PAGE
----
• It’s a huge shame that HTC have taken the decision to seriously lock down their handsets. My entry into the Android world started with the Hero, I then moved to the Desire and then to the Desire HD. I love the look of their handsets and the build quality (more metal on your phones please designers!) but I can’t see me continuing to buy them if they continue with this policy. 

    Other manufacturers are starting to ‘get it’, SonyEricsson in particular deserve huge praise for their turn around from the X10 days to their current stance. I really hope HTC re-evaluate their position on locked bootloaders and give the consumer back the choice. After all, isn’t that the spirit of Android?

  • Hokum

    Should phones go the way of the PC market? You buy a phone
    it either includes an operating system or is blank. You can then choose what OS
    to buy or install.

    I’ll choose the HTC blah blah, with windows phone 7, sales person goes to the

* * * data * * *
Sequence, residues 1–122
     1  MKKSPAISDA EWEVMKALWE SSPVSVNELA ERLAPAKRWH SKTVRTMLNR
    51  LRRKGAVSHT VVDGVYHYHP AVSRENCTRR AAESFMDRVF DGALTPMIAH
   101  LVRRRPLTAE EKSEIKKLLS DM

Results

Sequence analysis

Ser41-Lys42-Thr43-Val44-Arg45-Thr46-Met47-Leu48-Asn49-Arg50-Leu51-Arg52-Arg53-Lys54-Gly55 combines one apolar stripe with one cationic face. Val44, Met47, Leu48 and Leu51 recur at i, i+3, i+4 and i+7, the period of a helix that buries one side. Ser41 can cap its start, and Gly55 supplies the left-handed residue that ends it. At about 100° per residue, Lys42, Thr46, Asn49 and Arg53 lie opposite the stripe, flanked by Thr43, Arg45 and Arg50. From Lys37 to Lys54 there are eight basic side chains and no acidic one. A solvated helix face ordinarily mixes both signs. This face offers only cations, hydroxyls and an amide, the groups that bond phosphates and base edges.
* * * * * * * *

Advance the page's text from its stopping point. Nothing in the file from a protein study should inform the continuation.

store room and picks up the phone and gives it to the customer… Next customer, I’d like an HTC blah blah with android please…

    With phones like the HD2 proving that you don’t need different hardware to run
    different OS it make you wonder why bother making 3 or 4 phones with very
    similar specs but with different OS when you could just make one and save on
    RND and manufacturing.

    • I completely agree with this comment. Why have 3 – 4 different phones when 1 phone can run different Operating Systems.

      That would be a huge step forward if the phone manufacturers decided to do this.

  • spences10

    Always root, of it can’t be rooted there’s no point in getting the phone

    Regardless if you pay for the phone outright or are on a contact it is essentially your hardware, hence you should be able to do what you want with it